- Adding a new disk to a protected Azure VM: If a VM is undergoing incremental backup and a new disk is added, the backup time will increase. The total backup time might last more than 24 hours because of initial replication of the new disk, along with delta replication of existing disks.
- Fragmented disks: Backup operations are faster when disk changes are contiguous. If changes are spread out and fragmented across a disk, backup will be slower.
- Disk churn: If protected disks that are undergoing incremental backup have a daily churn of more than 200 GB, backup can take a long time (more than eight hours) to complete.
- Backup versions: The latest version of Backup (known as the Instant Restore version) uses a more optimized process than checksum comparison for identifying changes. But if you're using Instant Restore and have deleted a backup snapshot, the backup switches to checksum comparison. In this case, the backup operation will exceed 24 hours (or fail).
These common scenarios can affect the total restore time:
- The total restore time depends on the Input/output operations per second (IOPS) and the throughput of the storage account.
- The total restore time can be affected if the target storage account is loaded with other application read and write operations. To improve restore operation, select a storage account that isn't loaded with other application data.
When you're configuring VM backups, we suggest following these practices:
- Modify the default schedule times that are set in a policy. For example, if the default time in the policy is 12:00 AM, increment the timing by several minutes so that resources are optimally used.
- If you're restoring VMs from a single vault, we highly recommend that you use different general-purpose v2 storage accounts to ensure that the target storage account doesn't get throttled. For example, each VM must have a different storage account. For example, if 10 VMs are restored, use 10 different storage accounts.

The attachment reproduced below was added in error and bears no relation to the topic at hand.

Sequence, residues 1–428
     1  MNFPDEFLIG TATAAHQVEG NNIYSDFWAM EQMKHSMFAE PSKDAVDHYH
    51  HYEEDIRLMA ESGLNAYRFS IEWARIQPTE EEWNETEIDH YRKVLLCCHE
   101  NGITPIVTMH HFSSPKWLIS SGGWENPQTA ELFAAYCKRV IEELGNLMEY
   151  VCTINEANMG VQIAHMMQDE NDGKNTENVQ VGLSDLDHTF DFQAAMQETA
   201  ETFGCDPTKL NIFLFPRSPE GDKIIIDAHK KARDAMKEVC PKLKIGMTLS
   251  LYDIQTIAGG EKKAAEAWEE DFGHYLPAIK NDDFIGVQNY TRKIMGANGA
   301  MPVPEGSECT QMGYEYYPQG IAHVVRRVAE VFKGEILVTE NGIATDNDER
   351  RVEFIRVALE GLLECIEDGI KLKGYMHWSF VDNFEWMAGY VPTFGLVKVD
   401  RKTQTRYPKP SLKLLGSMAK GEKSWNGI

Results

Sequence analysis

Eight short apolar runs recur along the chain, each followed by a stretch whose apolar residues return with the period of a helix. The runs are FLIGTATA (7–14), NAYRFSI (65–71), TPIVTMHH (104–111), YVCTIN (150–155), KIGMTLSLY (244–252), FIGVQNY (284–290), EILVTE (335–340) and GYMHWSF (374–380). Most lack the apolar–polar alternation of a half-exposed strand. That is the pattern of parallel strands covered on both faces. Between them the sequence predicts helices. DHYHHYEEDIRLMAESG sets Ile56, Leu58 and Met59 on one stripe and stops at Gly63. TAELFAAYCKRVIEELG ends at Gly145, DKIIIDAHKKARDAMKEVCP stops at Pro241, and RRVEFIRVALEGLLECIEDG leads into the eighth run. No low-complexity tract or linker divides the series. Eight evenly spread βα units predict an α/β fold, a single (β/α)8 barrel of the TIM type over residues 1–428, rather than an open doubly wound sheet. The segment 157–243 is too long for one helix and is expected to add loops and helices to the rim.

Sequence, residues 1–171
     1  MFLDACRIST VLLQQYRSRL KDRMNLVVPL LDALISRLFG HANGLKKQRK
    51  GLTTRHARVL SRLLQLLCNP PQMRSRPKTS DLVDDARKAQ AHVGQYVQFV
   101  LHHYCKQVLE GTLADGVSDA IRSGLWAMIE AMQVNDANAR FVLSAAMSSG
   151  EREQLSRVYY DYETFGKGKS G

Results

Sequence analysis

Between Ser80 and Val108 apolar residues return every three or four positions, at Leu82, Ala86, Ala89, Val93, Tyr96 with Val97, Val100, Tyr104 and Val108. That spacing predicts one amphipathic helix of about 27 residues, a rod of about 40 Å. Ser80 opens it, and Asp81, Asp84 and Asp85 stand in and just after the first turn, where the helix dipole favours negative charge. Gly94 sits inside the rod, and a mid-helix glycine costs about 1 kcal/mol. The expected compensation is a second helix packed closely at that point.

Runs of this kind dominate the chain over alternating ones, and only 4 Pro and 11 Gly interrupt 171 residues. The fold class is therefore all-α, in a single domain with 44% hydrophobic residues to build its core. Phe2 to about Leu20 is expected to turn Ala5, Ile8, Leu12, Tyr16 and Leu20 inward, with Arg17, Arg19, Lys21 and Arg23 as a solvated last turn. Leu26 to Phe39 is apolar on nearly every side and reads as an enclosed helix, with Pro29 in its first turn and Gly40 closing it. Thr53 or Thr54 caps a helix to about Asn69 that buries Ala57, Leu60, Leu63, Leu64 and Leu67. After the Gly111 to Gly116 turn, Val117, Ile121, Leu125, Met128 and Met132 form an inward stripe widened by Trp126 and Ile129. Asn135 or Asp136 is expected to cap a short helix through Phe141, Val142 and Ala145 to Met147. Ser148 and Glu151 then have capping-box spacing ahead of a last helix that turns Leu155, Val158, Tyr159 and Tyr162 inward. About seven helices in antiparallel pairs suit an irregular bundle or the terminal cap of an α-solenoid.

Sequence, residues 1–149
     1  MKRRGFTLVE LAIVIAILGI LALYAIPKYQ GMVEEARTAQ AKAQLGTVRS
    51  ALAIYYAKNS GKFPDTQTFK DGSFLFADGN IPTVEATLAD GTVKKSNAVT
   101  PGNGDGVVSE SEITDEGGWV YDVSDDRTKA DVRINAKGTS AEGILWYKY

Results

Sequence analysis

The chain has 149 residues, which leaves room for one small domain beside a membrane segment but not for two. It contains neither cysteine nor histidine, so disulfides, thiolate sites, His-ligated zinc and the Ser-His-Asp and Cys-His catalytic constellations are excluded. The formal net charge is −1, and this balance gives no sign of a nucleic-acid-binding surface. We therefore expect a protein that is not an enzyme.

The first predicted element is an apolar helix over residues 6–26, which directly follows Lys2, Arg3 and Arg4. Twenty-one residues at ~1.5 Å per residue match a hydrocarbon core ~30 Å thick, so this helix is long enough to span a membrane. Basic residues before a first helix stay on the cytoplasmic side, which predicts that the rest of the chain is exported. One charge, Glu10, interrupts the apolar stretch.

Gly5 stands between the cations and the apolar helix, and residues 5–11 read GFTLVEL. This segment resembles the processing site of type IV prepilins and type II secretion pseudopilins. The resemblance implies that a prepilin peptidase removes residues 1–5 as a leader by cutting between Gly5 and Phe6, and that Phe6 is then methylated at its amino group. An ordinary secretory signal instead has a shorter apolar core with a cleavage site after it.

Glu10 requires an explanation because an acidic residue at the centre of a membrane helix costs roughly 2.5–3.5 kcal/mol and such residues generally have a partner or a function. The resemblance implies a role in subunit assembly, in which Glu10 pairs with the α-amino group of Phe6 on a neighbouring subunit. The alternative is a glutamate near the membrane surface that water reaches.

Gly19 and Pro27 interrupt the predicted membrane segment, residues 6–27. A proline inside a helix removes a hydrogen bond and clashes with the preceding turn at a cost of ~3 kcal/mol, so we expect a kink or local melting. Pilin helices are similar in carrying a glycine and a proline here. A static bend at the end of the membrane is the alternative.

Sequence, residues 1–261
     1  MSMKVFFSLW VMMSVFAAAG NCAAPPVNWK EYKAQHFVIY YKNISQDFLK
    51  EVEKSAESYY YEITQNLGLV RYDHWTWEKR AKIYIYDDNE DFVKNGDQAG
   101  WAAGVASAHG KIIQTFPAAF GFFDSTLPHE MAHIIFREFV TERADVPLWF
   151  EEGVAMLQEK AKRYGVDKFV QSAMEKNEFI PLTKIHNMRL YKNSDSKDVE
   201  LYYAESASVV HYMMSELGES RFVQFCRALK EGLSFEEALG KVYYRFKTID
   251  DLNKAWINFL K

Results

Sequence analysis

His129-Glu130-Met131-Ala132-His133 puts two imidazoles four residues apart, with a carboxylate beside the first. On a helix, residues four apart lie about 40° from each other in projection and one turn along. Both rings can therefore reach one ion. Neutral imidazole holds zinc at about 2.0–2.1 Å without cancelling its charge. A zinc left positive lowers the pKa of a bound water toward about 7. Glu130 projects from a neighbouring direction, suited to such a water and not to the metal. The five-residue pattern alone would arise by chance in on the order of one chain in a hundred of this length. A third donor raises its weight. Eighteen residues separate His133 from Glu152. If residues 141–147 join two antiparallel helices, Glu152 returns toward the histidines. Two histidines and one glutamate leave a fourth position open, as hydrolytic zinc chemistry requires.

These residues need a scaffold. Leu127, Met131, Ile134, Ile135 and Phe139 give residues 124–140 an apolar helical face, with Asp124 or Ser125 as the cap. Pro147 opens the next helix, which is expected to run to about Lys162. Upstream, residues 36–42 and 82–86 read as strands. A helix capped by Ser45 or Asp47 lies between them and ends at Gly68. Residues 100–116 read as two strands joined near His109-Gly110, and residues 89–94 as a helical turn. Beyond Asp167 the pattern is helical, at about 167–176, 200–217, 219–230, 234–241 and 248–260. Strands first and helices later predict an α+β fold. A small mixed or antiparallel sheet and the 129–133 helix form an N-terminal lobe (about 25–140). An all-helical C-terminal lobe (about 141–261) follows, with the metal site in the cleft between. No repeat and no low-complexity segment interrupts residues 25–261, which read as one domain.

- For backup of VMs that are using premium storage with Instant Restore, we recommend allocating 50% free space of the total allocated storage space, which is required only for the first backup. The 50% free space isn't a requirement for backups after the first backup is complete
- The limit on the number of disks per storage account is relative to how heavily the disks are being accessed by applications that are running on an infrastructure as a service (IaaS) VM. As a general practice, if 5 to 10 disks or more are present on a single storage account, balance the load by moving some disks to separate storage accounts.
- To restore VMs with managed disks using PowerShell, provide the additional parameter TargetResourceGroupName to specify the resource group to which managed disks will be restored, Learn more here.
Azure VMs backed up with Azure Backup are subject to Azure Backup pricing.
Billing doesn't start until the first successful backup finishes. At this point, the billing for both storage and protected VMs begins. Billing continues as long as any backup data for the VM is stored in a vault. If you stop protection for a VM, but backup data for the VM exists in a vault, billing continues.
Billing for a specified VM stops only if the protection is stopped and all backup data is deleted. When protection stops and there are no active backup jobs, the size of the last successful VM backup becomes the protected instance size used for the monthly bill.
The protected-instance size calculation is based on the actual size of the VM. The VM's size is the sum of all the data in the VM, excluding the temporary storage. Pricing is based on the actual data that's stored on the data disks, not on the maximum supported size for each data disk that's attached to the VM.
Similarly, the backup storage bill is based on the amount of data that's stored in Azure Backup, which is the sum of the actual data in each recovery point.
For example, take an A2-Standard-sized VM that has two additional data disks with a maximum size of 32 TB each. The following table shows the actual data stored on each of these disks:
|Disk||Max size||Actual data present|
|OS disk||32 TB||17 GB|
|Local/temporary disk||135 GB||5 GB (not included for backup)|
|Data disk 1||32 TB||30 GB|
|Data disk 2||32 TB||0 GB|
The actual size of the VM in this case is 17 GB + 30 GB + 0 GB = 47 GB. This protected-instance size (47 GB) becomes the basis for the monthly bill. As the amount of data in the VM grows, the protected-instance size used for billing changes to match.